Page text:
Knowing all of that, we can easily conclude that those signal levels aren’t interchangeable and sending speaker level output to anything other than the speakers can bring very unfortunate and damaging results.

But why is that, you may wonder? Well, to find out, we have to dig a little bit deeper into the physics on which signal processing is based.


Impedance represents the ability of a device or a certain object to resist alternating currents. Each and every given audio device output has its own output impedance and the higher is the value of the impedance, the lower would be the current, and vice versa if an output has a low impedance, the current will be high.

Line outputs usually have the impedance of 100-600 ohms and speaker outputs usually deliver 2-16 ohms, which means that if speaker output would be connected to the line input, that device will most likely be damaged because the current will be much higher than it can take.


Voltage, as we remember from our happy and careless school days, is a difference in electric potential and is measured by the amount of work needed to move a charge between two points. In order to drive speakers, a much higher voltage is needed than it’s required to carry line level signals.

A typical AA battery has a voltage of 1.5 volts and a car battery has 12 volts. Average speaker outputs have a voltage of 10 volts or even more, so it’s now should be rather obvious why you need cables with thicker wiring because instrument cables simply couldn’t withstand such high voltage.

Line-in and line-out

Line-in is an input port designed to receive a line level signal, such inputs have high impedance and low voltage. As we established before, line level signals are used for internal processing and line-in is designed to receive such a signal from another device that carries it.

Line-out is an output port that sends line level signal to another device capable of receiving it. Line-ins and line-outs by design cannot output or receive anything other than line level signals. So trying to send or receive another type of signal to the line-in or line-out will lead to the consequences that we will discuss later.


Speaker-out is an output port that is designed to send a speaker level signal to a dedicated device, usually, you can find one of those on amplifiers and guitar amp heads. It has a very low impedance and high voltage, which also means that it has a very high current that is needed in order to drive the speakers.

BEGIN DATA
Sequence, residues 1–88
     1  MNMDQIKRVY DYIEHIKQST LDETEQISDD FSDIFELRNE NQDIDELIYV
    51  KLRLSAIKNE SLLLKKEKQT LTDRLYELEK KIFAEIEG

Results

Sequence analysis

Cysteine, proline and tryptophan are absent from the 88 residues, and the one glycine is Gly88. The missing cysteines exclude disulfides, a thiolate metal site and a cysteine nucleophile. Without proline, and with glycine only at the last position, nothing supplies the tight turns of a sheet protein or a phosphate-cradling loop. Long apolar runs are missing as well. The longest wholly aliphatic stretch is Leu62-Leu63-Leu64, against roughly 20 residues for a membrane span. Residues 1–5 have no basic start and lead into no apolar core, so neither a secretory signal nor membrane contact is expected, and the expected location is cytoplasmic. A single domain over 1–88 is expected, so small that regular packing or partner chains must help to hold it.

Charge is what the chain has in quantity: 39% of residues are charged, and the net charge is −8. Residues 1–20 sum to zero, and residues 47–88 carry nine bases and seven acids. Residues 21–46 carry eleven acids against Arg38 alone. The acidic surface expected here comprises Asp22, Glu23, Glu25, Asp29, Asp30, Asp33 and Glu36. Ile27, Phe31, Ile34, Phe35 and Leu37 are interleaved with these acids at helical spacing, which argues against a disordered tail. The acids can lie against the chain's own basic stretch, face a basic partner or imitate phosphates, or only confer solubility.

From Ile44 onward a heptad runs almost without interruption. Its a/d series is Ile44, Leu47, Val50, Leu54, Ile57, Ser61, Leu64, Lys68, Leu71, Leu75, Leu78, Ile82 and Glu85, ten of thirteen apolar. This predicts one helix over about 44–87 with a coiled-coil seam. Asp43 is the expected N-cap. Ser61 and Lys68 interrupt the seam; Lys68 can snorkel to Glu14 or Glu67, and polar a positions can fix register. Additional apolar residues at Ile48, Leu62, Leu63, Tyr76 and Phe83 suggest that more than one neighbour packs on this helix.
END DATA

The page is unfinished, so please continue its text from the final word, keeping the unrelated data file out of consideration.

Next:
This means that sending a signal from a speaker-out to anything other than the speakers will most likely damage the equipment on the receiving end.

It’s a rather disturbing thought, but all of the consumer and professional audio equipment usually have all of the inputs and outputs clearly labeled so it’s very hard to mismatch anything by mistake.

Can you use line-out instead of speaker-out?

Weirdly enough, both line-out and speaker-out usually have the same type of cable connection, so technically, it would be very easy to send a line level signal to the speakers. But the problem is that nothing useful will most definitely come out from this endeavor, since line-outs have a very high impedance and a very low voltage, the current would be too weak to drive the speakers.

Your equipment with a very high probability wouldn’t be damaged, but still, there’s no reason even to try this, unless you need another elaborate way to make speakers silent apart from turning them off.

Can you use speaker-out instead of line-out?

Connecting a speaker-out to anything other than the speakers would be dangerous since, as we already know, the speaker level signal has a very high current. This means that any equipment that wasn’t designed to receive speaker level signal will be severely damaged if you decide to send such a signal to it anyway.

It also can damage the amplifier that carries the initial signal by overheating it. So it wouldn’t make any reasonable sense to do it unless you’re tired of your equipment and didn’t find any other way to get rid of it.